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A Long Way From Home

papers.jpg

Darwin's papers on view at Down House

© AMNH / Denis Finnin


All through the voyage, Darwin kept in touch by letter, writing to his father, sisters, brother, cousins, colleagues and school friends about his adventures. From his family he received regular updates on local politics and gossip. One by one, his cousins were marrying and settling down. News of the marriage of his old girlfriend, Fanny Owen, left him "melting with tenderness." Later, his sisters reported that Fanny's husband was "desperately selfish" and that she had been asking "prettily & coquettishly" about Charles--but it was too late. For the time being, Darwin threw himself into work.

Along with the personal connections, his letters cemented his professional ties to British scientists. Darwin sent crates of specimens and detailed letters to J. S. Henslow, his Cambridge mentor, describing plants, animals, and geological observations. Far from isolating him from the scientific community, the voyage helped Darwin move into their circle. By his return, he was ready to take his place among them, not just as an accomplished observer and collector, but as a theorist.

Sail Mail

Darwin sent numerous letters and specimens home by boat throughout the voyage. England was a thriving colonial power at the time, with a network of ships that literally spanned the globe, so Darwin could send and receive mail from almost anywhere in the world.

Letter: Charles Darwin to Robert Darwin

"Good-Humoured Energy"
 February 8-March 1, 1832
 Page 4 of 11

Darwin's lengthy letters home are filled with detailed, enthusiastic observations. As his father noted, "There is a natural good-humoured energy in his letters just like himself." Early in the voyage, Darwin wrote his father an 11-page letter about the almost indescribable wonders of the tropics.

"Nobody but a person fond of Nat: history can imagine the pleasure of strolling under Cocoa nuts in a thicket of Bananas & Coffee plants, & an endless number of wild flowers.- And this Island that has given me so much instruction & delight, is reckoned the most uninteresting place, that we perhaps shall touch at during our voyage...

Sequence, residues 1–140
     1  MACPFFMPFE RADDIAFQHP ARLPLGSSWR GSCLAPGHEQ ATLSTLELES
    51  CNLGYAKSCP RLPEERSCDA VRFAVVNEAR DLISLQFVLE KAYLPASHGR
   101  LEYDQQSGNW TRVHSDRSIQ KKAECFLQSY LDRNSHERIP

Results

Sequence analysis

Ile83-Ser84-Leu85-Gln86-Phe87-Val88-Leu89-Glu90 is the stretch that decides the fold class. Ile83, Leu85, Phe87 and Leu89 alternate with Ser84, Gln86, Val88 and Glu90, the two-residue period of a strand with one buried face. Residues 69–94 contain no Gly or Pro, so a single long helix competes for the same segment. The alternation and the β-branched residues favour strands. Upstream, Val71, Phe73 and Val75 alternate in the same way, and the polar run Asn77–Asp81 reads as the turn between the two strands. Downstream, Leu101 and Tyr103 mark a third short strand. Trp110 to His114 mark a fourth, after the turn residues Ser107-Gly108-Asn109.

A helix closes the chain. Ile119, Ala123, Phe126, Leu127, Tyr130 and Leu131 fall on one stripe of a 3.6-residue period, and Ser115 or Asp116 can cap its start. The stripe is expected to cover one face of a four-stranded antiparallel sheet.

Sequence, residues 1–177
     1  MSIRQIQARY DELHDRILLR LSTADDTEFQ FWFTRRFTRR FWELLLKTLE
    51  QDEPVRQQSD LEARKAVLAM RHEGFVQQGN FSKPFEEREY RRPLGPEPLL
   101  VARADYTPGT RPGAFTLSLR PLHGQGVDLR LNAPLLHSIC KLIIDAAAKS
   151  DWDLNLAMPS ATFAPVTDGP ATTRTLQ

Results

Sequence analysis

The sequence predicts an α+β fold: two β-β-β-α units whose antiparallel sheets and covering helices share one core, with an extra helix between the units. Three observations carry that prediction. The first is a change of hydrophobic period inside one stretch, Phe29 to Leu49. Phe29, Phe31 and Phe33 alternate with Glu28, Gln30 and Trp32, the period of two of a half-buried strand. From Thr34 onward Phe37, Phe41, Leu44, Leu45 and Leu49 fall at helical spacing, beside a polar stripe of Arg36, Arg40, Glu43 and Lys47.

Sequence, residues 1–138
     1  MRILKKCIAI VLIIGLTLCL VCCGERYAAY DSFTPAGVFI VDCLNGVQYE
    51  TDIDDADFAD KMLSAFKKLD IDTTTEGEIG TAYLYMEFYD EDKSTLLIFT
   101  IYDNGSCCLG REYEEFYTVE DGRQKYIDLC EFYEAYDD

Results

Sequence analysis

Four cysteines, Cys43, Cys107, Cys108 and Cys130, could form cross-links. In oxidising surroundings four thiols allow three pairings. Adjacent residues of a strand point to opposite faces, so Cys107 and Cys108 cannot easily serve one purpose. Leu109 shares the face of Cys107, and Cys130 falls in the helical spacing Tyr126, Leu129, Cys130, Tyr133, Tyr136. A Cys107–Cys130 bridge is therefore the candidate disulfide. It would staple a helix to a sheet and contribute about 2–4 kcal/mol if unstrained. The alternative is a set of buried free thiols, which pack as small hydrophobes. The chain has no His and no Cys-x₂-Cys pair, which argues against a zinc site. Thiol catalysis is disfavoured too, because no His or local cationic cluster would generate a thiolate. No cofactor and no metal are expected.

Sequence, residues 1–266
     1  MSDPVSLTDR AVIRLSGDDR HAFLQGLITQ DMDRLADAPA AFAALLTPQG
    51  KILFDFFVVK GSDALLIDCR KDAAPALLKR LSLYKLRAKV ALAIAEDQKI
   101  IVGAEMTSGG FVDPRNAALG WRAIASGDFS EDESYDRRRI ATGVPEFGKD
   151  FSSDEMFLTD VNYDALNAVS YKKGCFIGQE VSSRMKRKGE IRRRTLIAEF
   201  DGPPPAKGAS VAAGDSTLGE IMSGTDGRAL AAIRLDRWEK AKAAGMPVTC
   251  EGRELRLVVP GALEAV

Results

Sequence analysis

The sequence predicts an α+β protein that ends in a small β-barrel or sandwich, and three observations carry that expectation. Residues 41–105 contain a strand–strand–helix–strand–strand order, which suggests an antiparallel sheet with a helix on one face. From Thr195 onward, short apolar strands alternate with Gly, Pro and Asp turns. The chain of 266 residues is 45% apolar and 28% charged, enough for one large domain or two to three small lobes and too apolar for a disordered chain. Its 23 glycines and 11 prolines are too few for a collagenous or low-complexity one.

It is utterly useless to say anything about the Scenery.-it would be as profitable to explain to a blind man colours..."
 
 Despite his seasickness, which was far worse than anything he'd predicted, Darwin found that he liked living and working on a ship.
 
 "I find to my great surprise that a ship is singularly comfortable for all sorts of work.- Everything is so close at hand...if it was not for sea-sickness the whole world would be sailors."

English Heritage (Down House)
 88206558.8

Letter: Charles Darwin to J. S. Henslow

"Red-Hot with Spiders"
 May 18-June 16, 1832
 Page 4 of 6

In this letter to J. S. Henslow, Darwin describes his vast beetle collections, joking, "I tell Entomologists to look out & have their pens ready for describing."

"I am at present red-hot with Spiders, they are very interesting, & if I am not mistaken, I have already taken some new genera.-I shall have a large box to send very soon to Cambridge..."
 
 Darwin's relationship with Henslow went well beyond business. Later in the letter he confides some personal feelings, including his longing for family and friends left behind and his gratitude for the help he received:
 
 "I am sometimes afraid I shall never be able to hold out for the whole voyage. I believe 5 years is the shortest period it will consume.-The mind requires a little case-hardening, before it can calmly look at such an interval of separation from all friends...
 
 Tell Prof: Sedgwick he does not know how much I am indebted to him for the Welch expedition.-it has given me an interest in geology, which I would not give up for any consideration."

Courtesy of the Archives of the Royal Botanic Gardens, Kew Folio 12; in volume of letters from Charles Darwin to Professor Henslow
 1831-1837

Charles Darwin's "Beagle Notebooks"

Cape Verde Islands to Rio de Janeiro;
 Buenos Aires to the Chilean Andes
 Date: ca. January-April 1832; ca. October 1833-August 1834

During his voyage, Darwin filled numerous notebooks with detailed observations on geology, plants, and animals. These notebooks contain his notes from the Cape Verde Islands to Rio de Janeiro, Brazil, and from Buenos Aires, Argentina, to the Chilean Andes. Darwin was a precise and patient observer of animals, but his main interest at the time was geology. Over the course of the voyage, he made 368 pages of notes about animals but filled 1,383 pages with geology.

The raw observations Darwin put in his notebooks were just the starting point. Later he painstakingly transcribed them by topic into new notebooks, crossing out completed pages as he went--which is why most pages in his Beagle notebooks have a line through them.

Darwin mulled over his data on the trip back, puzzling out mysteries and searching for patterns. By the time he returned he had several books planned on geology and zoology--and some private lines of inquiry he intended to keep to himself.

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